We found that the resonant spin-precessional motion, that is, ferromagnetic resonance (FMR), of saturated nanodisks occurred at much larger frequency f0 compared with the uniform mode of the YIG film with wave vector kSW=0. Only for spin waves in YIG with large kSW, the nanodisks were in resonance with spin precession in YIG. In Fig. 1c, we show colour-coded transmission data S12 obtained on the Py/YIG hybrid sample. We focus on a field regime where field-dependent FMR of Py nanodisks (branch highlighted by green arrows) becomes degenerate with spin waves in YIG (branch indicated by orange arrows). In Fig. 1d,e, the line spectrum S12 taken at the crossing point at μ0H=−69 mT contains a large transmission signal detected around 7.6 GHz. The oscillating behaviour indicates the propagation of spin waves through the YIG film between the two CPWs20,21. Their corresponding wavelength amounts to only 131±3 nm. At the crossing point (circle in Fig. 1d), the transmitted spin-wave signal is significantly enhanced by a factor of 6 compared with signals measured for non-degenerate eigenfrequencies of Py and YIG (blue arrows in Fig. 1d and Supplementary Fig. 2).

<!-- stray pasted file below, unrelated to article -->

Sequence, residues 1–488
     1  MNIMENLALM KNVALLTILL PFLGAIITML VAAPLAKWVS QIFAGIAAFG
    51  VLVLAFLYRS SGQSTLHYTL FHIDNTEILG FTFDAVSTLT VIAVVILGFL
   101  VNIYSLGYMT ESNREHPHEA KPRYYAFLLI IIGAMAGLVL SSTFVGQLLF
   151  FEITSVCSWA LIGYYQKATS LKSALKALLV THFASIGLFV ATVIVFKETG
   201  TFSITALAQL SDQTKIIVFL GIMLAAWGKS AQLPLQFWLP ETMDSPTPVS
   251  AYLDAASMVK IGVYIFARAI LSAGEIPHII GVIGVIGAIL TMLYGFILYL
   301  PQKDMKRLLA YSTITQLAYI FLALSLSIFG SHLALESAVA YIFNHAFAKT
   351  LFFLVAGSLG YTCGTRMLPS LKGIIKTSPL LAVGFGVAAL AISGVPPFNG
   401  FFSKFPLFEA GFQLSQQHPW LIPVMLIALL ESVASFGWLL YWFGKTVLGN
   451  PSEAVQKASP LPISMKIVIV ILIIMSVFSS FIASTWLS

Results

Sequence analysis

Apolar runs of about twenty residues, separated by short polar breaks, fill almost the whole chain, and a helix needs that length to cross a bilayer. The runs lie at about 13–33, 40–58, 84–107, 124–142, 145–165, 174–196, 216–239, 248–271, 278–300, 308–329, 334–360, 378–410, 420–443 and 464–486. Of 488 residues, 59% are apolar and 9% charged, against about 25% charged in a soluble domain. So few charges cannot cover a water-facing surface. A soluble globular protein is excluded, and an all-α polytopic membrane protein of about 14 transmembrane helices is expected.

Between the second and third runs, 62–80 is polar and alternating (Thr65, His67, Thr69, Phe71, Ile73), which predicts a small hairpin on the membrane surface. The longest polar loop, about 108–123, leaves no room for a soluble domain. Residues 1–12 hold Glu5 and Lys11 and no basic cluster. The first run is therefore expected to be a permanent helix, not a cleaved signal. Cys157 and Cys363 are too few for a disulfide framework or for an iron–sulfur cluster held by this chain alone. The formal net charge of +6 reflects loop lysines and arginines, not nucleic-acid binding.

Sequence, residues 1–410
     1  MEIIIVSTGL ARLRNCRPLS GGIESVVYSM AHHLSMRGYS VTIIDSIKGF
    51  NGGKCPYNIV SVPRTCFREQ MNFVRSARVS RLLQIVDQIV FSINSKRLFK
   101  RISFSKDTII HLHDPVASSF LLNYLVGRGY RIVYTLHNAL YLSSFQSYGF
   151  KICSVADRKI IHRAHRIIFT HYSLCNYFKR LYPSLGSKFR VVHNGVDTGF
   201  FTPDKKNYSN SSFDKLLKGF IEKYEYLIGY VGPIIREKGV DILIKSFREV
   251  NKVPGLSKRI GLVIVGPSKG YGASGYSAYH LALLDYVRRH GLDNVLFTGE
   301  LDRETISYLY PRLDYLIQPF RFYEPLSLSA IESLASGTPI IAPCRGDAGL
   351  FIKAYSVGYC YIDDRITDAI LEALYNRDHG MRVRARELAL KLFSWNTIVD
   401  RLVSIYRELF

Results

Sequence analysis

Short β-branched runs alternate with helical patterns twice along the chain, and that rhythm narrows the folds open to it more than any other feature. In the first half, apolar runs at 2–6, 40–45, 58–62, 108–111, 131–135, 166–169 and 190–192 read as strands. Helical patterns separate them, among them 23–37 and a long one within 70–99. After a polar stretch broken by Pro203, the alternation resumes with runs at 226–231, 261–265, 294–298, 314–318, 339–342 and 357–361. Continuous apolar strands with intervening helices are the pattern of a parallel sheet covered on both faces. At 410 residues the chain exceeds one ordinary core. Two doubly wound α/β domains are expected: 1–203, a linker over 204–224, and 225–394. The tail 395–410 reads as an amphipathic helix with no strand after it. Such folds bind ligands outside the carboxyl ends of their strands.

In Fig. 2a, we show absorption spectra S11 taken in reflection configuration (selected lineplots are depicted in Supplementary Fig. 3). For μ0|H|>32 mT, all eigenfrequencies f(H) (dark) are mirrored with respect to μ0H=0 mT. The two pairs of most prominent branches (black) are highlighted by blue and green arrows. In case of the low-frequency one (blue arrow), f(H) follows roughly a square-root-like field dependence for H>0. The branch is consistent with f(H) of an unpatterned thin film of YIG when excited by a microstructured CPW20. It is noteworthy that the coercive field of the YIG film is only 0.5 mT (ref. 20). Its hysteretic behaviour is thus not resolved in Fig. 2a.

Figure 2: Reconfigurable microwave-to-magnon transducer exciting exchange-dominated spin waves.
Figure 2